MS was, by far, the biggest Unix distributor in the USA. They originally planned to port Xenix to PCs.
https://en.wikipedia.org/wiki/Xenix

Reply Score: 2

RE[6]: Win32 isn't going away
by zima on Tue 17th Jul 2018 23:20 UTC in reply to "RE[5]: Win32 isn't going away"
zima Member since:
2005-07-06

Xenix being quite successfull doesn't have to be at odds with how BASIC/firmwares for home computers were possibly the majority business for MS... (those were millions of units shipped)

Reply Score: 2

RE[4]: Win32 isn't going away
by The1stImmortal on Sat 14th Jul 2018 00:47 UTC in reply to "RE[3]: Win32 isn't going away"
The1stImmortal Member since:
2005-10-20

Geeks have the unfortunate habit of extrapolating their very specific needs to the general population. The reality that the vast majority of users need nothing more than a web browser and a very basic word processor. In fact a smartphone is the only computer the majority of people in the world have ever used.

Yes, those devices cover many use cases, but there's *always* the remaining 10-20% that it can't cover.

All the things you claim to be totally impractical were the norm until the PC arrived. People used dumb terminals connected to mainframes which performed batch jobs on a timeshare basis. It worked sprisingly well from memory.

Which is not fundamentally different in principle to running a thin client to access a VDI instance or a shared session host (like RDS). Still going to be win32 applications doing the heavy lifting.

[/q]MS was primarily a large Unix vendor with thir own version (Xenix) until approached to provide an OS for the IBM PC.

Not that large a unix vendor. Basic was doing a better trade for them at that point.
But still - Microsoft owes its success to the Win16 and Win32 family of APIs (Win32 being somewhat based on Win16 obviously).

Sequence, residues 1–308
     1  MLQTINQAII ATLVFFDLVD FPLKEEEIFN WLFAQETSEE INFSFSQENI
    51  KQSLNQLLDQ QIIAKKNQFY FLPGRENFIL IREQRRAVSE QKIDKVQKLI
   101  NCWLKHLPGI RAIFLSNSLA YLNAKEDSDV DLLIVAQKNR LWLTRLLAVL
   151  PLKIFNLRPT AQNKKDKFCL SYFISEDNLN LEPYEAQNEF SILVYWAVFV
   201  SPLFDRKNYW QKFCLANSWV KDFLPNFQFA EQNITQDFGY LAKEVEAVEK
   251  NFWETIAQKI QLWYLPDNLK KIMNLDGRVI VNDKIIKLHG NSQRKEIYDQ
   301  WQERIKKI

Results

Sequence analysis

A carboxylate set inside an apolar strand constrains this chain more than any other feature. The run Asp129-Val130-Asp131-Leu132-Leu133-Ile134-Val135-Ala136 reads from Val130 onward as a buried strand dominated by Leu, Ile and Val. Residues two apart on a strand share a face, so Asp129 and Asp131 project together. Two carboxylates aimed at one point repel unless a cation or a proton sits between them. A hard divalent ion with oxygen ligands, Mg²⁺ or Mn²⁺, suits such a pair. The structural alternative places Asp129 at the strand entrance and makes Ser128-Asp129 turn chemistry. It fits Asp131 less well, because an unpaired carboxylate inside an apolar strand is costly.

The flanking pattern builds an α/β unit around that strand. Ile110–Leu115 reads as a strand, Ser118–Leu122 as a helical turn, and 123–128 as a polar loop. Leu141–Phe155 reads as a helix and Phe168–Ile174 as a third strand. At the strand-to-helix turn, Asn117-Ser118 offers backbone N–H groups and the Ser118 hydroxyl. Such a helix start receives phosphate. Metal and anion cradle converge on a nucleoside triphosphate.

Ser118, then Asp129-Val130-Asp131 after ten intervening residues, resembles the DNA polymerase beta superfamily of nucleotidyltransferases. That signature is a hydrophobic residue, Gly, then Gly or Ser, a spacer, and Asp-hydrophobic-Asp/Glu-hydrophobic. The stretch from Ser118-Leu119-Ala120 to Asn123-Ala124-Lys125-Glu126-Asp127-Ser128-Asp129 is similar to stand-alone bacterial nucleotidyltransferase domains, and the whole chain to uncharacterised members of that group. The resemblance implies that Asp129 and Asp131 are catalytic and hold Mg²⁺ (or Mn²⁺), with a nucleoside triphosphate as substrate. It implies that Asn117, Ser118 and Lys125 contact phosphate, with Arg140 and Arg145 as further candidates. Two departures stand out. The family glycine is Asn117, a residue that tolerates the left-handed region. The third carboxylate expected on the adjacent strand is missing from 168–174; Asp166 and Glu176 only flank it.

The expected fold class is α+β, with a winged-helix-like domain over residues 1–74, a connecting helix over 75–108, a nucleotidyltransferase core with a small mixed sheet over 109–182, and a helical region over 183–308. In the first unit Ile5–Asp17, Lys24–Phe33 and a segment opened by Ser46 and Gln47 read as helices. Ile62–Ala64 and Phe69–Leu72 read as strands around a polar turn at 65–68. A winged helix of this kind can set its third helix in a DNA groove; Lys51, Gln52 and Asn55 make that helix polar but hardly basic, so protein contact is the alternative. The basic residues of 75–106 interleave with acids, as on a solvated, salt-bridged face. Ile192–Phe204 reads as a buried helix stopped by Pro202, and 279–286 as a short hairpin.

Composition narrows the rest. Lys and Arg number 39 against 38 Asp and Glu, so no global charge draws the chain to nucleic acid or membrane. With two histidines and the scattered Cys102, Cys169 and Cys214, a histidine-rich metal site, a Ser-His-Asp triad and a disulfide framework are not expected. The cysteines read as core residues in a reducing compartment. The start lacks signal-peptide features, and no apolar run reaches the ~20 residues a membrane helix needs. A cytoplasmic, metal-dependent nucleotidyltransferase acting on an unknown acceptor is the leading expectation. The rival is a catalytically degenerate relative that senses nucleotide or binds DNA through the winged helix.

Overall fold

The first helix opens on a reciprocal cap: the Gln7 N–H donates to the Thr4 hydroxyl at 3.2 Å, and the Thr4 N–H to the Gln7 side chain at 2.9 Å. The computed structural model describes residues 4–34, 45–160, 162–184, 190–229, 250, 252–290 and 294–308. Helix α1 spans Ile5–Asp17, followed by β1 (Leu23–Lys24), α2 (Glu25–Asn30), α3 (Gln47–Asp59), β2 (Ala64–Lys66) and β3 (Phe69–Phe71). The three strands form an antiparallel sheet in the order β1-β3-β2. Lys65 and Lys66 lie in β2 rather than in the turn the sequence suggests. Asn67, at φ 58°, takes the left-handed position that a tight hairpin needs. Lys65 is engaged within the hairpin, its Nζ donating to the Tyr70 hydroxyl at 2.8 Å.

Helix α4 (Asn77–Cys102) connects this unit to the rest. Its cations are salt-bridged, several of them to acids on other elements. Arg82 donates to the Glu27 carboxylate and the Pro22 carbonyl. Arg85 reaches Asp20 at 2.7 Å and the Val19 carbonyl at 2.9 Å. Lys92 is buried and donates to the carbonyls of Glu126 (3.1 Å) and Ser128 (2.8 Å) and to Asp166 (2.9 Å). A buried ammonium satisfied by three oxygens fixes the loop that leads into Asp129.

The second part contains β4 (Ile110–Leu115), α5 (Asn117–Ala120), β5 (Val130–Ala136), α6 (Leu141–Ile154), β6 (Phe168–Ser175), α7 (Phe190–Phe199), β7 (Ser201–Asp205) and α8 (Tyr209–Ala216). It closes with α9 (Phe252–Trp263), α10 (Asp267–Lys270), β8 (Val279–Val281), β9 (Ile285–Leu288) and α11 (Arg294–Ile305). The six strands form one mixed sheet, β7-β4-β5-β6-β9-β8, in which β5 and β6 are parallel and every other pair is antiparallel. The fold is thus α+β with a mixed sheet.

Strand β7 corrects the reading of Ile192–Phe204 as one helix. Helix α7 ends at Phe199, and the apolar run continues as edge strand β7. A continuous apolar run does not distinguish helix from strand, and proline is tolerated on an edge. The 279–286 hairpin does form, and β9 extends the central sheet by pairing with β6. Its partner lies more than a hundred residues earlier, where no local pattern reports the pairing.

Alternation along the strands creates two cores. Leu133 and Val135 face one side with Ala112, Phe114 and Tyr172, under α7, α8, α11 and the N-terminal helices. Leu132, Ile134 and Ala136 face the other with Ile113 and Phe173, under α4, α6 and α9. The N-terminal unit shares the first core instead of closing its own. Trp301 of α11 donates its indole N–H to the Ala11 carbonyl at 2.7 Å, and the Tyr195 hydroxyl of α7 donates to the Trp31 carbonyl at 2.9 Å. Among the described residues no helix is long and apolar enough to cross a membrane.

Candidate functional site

[q]For Google and MS the ability to run platform agnostic software remotely is a wet dream. For software vendors it prevents piracy and for most users it represents a hassle free experience.

Have you looked at the way Microsoft handles licensing? They definitely *dont* want everything delivered like that. they still are betting on the desktop.

Reply Score: 3

RE[5]: Win32 isn't going away
by unclefester on Sat 14th Jul 2018 05:04 UTC in reply to "RE[4]: Win32 isn't going away"
unclefester Member since:
2007-01-13

Have you looked at the way Microsoft handles licensing? They definitely *dont* want everything delivered like that. they still are betting on the desktop.


Under Nadella MS has started a rapid transformation into a saas company. MS now earns far more from subscriptions and cloud services than it earns from Windows.

https://arstechnica.com/gadgets/2018/03/windows-leader-terry-myerson...

https://www.businessinsider.com.au/microsoft-q3-fy18-earnings-revenu...

Reply Score: 2

RE[6]: Win32 isn't going away
by The1stImmortal on Sat 14th Jul 2018 07:41 UTC in reply to "RE[5]: Win32 isn't going away"
The1stImmortal Member since:
2005-10-20

Under Nadella MS has started a rapid transformation into a saas company. MS now earns far more from subscriptions and cloud services than it earns from Windows.

And a detailed breakdown kinda proves my point.
The money in "cloud" services is Office 365, Windows Enterprise subscriptions and Azure based hosting of Windows server services (like AD, Exchange, etc).

Almost all of that is Win32